21 February 2023
In the 1930s, the economist John Maynard Keynes predicted that by now we would all be working 15-hour weeks due to advances in technology enabling automation of manual tasks. Sadly, things haven’t quite turned out that way, and work continues to occupy the vast proportion of our daily lives.
As a consequence, the regulation of working time was considered necessary to prevent workers from being overworked to the detriment of their own wellbeing. ‘Overworked employees’ has also been cited as the cause of serious accidents and catastrophic failures with tragic consequences. Hence, the Health and Safety Executive is tasked with the job of enforcing compliance with the Working Time Regulations (WTR) with financial penalties and, in the most serious cases, custodial sentences, at its disposal.
Many critics who want to revoke the WTR, blame the 48 hour limit it imposes on a working week for the UK’s productivity problem – work more and productivity will rise, they say. However, the UK negotiated an exception to the 48 hour weekly working limit which allowed employers to demand workers opt out of this at any time during their employment.
There is then the argument that the WTR have less relevance in today’s world of work than they once did. As businesses and their investors continue to value their ESG agenda, the welfare and wellbeing of the workforce will rank high on their list of priorities. Coinciding with the evolution of hybrid working, these businesses will more likely self-enforce, motivated by the principles of providing a safe working environment for their workforce, looking after their wellbeing and giving them autonomy in their roles.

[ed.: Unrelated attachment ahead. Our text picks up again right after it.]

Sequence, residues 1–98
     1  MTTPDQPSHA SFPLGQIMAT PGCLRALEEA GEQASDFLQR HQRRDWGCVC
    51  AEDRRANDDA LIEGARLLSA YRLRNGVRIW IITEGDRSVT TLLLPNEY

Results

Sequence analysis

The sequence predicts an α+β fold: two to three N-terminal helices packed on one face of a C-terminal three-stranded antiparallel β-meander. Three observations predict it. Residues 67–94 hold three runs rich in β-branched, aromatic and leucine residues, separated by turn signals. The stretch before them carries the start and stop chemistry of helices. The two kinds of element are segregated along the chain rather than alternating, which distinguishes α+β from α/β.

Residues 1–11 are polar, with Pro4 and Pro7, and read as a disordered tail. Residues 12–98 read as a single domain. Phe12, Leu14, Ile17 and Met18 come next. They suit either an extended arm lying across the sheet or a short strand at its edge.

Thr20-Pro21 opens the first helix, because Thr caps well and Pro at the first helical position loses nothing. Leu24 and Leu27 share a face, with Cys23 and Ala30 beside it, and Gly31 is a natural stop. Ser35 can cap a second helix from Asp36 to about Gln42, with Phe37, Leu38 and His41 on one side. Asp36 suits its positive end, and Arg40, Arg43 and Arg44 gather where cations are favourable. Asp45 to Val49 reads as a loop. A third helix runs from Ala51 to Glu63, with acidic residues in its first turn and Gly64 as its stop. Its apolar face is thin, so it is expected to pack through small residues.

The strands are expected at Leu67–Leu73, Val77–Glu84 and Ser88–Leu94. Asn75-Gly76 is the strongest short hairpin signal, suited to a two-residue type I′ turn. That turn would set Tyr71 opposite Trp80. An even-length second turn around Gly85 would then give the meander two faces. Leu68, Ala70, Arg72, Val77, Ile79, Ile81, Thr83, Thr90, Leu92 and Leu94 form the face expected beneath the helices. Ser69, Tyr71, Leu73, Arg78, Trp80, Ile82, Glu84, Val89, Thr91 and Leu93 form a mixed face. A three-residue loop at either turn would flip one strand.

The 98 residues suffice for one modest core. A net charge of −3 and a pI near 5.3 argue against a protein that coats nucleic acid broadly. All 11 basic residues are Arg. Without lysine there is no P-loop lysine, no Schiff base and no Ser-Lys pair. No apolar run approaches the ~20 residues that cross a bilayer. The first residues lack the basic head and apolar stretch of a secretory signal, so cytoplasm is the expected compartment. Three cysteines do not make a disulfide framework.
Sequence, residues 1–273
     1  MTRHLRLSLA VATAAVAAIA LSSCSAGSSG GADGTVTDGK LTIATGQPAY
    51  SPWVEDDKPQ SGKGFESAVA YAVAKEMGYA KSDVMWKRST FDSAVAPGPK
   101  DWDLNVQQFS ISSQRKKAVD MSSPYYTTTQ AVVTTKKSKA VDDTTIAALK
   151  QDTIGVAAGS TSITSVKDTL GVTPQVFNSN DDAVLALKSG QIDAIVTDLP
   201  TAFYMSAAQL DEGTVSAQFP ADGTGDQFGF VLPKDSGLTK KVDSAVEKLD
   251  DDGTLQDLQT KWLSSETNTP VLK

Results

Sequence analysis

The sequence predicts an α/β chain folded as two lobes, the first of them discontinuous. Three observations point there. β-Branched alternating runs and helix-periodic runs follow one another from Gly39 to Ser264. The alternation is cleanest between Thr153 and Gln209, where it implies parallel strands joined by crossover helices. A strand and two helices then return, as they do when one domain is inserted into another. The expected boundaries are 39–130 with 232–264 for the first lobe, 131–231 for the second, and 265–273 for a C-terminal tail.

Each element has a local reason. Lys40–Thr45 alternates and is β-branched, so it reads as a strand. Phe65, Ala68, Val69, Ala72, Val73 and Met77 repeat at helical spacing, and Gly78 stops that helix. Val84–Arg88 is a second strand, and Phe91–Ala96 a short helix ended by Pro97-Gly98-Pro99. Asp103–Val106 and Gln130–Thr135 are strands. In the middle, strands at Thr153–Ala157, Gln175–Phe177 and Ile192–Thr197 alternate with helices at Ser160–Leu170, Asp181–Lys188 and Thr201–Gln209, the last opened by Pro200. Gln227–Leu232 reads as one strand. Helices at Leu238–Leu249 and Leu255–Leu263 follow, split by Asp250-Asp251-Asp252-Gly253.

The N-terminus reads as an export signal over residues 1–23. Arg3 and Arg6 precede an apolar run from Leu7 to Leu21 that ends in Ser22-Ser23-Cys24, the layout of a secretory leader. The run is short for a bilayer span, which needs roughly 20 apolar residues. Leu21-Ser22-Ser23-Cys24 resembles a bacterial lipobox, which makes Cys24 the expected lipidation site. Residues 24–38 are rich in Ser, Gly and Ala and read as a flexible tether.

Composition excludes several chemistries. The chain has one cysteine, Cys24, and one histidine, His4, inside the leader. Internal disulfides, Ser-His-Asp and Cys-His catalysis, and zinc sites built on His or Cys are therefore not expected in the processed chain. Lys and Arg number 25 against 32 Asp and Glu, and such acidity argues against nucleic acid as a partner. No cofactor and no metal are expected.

Unfortunately though, there are still those outliers who seek to gain an unfair advantage by exploiting vulnerable workers, usually by demanding that they work more than the legal limits on working time and not providing the required rest breaks between working days or weeks.
For this reason, it is doubtful that the WTR will be revoked in their entirety. It is therefore unlikely to be the end of the Working Time Regulations as they serve a valuable societal function. However, there may be some tinkering to reduce the regulatory burden on employers. The recent government consultation on holiday entitlement as a consequence of the Harpur Trust v Brazel decision indicates that could be an area for change.
If you have any concerns with working time or holiday entitlement, please contact Charlie Barnes.